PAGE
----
As hosts England clashed with Australia in a warm-up match ahead of ICC Cricket World Cup 2019, we take a look at the lessons both teams learnt from the game.
We thought the World Cup will just come along, and the two favourites will sail their way into a 1-vs-2 final, and everything will go by the formbook.
Yes, it's only practice matches. Yes, teams are only warming up for the big one, quite literally.
But the first four of the 10 officially allocated warm-up games ahead of the ICC World Cup 2019 have thrown up three results against the odds: after Afghanistan got the better of Pakistan on Friday, 24 May, England and India — tournament favourites — suffered losses of varying degrees to Australia and New Zealand, respectively, on Saturday, 25 May.
While no one in their right minds will either burn or bask in the aftermath of a glorified practice session, certain developments on the field are sure to arrest any and all notions of this World Cup playing to expectations.
Here's some of what could be gathered from Australia's victory over England at Southampton.
The curse of an English World Cup bid
Through the 2000s, the English football team was always billed as a contender ahead of every marquee tournament. This was the period of their 'Golden Generation', the time they could call upon a midfield that read Beckham-Scholes-Lampard-Gerrard, with an Owen-Rooney forward line to boot.
But we know how that worked out for them.
Invariably, one of the golden boys (if not more), would be ruled out of the reckoning at the eleventh hour.
What's happening with the English cricket team now?
For the first time in at least a quarter of a century, they're entering a cricket World Cup as top contenders — they're at home, they're on song, they're redefining the boundaries of the format.
Given the years of emotional baggage, you were just hoping, as an English fan, for a quiet lead-up to the competition, a no-frills campaign, a curse-free summer.
Cut to the Ageas Bowl for their first warm-up game.
Paul Collingwood, one of England's assistant coaches, who last played an international game in 2011. Who called time on an extended domestic career nearly a year ago. Who turns 43 on Sunday took the field as a substitute!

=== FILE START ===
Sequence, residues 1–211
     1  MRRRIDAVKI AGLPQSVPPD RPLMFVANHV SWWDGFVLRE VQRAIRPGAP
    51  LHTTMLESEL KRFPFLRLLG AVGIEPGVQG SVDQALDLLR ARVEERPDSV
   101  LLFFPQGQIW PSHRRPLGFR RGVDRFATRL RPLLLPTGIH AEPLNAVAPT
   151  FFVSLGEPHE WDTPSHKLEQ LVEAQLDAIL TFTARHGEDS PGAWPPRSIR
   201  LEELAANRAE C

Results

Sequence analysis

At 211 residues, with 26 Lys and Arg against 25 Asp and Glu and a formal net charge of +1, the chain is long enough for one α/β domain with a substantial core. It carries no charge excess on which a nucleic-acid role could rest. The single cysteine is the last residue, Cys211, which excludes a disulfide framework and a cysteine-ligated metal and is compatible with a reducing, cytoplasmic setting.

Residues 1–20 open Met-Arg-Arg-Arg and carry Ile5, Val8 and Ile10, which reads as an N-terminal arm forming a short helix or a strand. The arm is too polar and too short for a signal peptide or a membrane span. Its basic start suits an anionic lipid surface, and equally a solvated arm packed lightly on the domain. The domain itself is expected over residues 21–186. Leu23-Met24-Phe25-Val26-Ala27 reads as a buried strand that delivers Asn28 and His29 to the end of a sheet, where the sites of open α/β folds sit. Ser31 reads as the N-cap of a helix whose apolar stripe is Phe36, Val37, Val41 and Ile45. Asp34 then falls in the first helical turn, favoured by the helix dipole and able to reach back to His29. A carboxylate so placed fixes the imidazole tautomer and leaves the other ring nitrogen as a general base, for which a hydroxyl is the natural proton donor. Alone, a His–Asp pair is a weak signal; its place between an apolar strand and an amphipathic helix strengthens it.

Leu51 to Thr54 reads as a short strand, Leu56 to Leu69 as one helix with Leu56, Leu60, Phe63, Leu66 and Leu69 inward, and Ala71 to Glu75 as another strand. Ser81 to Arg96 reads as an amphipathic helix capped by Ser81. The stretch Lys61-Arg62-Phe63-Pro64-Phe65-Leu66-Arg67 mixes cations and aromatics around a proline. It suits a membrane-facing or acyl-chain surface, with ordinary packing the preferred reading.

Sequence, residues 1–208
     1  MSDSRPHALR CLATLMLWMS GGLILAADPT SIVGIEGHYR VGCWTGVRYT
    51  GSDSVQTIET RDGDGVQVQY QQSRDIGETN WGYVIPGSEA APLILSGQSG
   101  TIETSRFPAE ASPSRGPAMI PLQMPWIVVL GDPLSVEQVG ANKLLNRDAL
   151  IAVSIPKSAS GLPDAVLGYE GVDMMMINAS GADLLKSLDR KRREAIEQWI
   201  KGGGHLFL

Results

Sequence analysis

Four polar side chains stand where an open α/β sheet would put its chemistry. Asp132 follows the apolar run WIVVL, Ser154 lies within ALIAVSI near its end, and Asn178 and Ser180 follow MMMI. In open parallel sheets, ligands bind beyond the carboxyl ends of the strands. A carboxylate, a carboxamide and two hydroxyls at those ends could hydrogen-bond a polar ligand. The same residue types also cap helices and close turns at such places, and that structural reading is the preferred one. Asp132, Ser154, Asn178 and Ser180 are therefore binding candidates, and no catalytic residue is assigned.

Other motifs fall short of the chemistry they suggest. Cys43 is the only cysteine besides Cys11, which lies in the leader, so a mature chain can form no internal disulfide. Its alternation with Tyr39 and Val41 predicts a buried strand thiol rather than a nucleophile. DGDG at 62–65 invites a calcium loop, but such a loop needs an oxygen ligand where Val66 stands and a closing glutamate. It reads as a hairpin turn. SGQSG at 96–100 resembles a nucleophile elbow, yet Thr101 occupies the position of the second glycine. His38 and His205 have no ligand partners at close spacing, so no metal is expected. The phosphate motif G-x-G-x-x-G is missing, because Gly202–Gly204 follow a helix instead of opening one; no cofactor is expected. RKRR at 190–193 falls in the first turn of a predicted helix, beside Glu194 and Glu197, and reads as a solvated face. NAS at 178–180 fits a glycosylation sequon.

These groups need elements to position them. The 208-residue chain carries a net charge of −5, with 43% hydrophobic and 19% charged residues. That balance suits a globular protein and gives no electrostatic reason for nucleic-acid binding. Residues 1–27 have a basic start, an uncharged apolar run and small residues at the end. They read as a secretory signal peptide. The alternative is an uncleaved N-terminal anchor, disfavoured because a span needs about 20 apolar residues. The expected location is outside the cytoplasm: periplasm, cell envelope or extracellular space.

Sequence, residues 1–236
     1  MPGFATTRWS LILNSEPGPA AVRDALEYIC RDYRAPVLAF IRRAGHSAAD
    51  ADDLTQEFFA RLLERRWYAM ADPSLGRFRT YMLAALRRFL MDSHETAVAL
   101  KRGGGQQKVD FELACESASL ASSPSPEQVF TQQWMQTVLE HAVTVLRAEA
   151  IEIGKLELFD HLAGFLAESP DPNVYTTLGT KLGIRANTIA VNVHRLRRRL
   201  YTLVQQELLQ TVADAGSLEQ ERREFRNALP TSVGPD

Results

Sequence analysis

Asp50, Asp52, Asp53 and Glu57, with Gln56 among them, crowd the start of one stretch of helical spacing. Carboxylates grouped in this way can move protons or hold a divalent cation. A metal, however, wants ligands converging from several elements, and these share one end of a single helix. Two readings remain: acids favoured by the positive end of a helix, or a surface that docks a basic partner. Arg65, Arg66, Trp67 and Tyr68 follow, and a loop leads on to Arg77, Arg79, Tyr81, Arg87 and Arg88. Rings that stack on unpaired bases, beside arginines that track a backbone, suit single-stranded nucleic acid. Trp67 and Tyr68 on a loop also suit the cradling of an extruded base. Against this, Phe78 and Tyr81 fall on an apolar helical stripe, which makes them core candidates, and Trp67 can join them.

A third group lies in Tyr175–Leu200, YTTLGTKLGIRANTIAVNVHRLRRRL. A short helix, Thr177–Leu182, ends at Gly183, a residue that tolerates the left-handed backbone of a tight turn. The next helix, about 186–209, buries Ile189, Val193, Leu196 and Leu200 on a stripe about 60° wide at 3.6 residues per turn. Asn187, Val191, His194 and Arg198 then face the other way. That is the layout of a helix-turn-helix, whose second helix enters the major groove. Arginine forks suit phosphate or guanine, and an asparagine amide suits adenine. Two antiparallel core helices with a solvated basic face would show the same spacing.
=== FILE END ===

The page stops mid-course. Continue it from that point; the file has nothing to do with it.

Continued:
That's because Mark Wood felt "discomfort" in a historically dodgy left foot after delivering his 19th ball of the day and went off the field, following which Jofra Archer — one of only two exponents of 145 kmph+ bowling in the English squad alongside, you guessed it, Wood — sustained a strain within two balls of coming on as a surprise substitute fielder (he is learnt to be carrying a minor niggle in his leg), following which Liam Dawson — their back-up spinner/all-rounder — split the skin on his right palm from an awry throw from the deep.
Oh, and FYI, captain Eoin Morgan had been ruled out of this warm-up after suffering a 'flake fracture' in his left index finger on Friday, main spinner Adil Rashid has carried a long-standing shoulder injury into the World Cup, and bowling spearhead Chris Woakes was kept away from bowling against Australia in a bid to manage recurring knee troubles.
Good Lord, Murphy!
Right about now is when Team England is wishing for the newfound fortune of their footballing brethren to pass on to them as well; the Three Lions, last summer, had their best World Cup since 1990. Will fate allow Morgan and Co to have their best since 1992? Or ever?
They're back! (In case you were wondering)
No one had any doubts as to which David Warner was coming for the World Cup following his exploits during the IPL, where he topped the run-scoring charts despite missing nearly one-fourth of the competition. With Steven Smith, the expectations were a little less definitive. His runs for Rajasthan Royals, while not limited, were not the most free-flowing. His troubled elbow, it was felt, might be better preserved for the Ashes to follow the World Cup.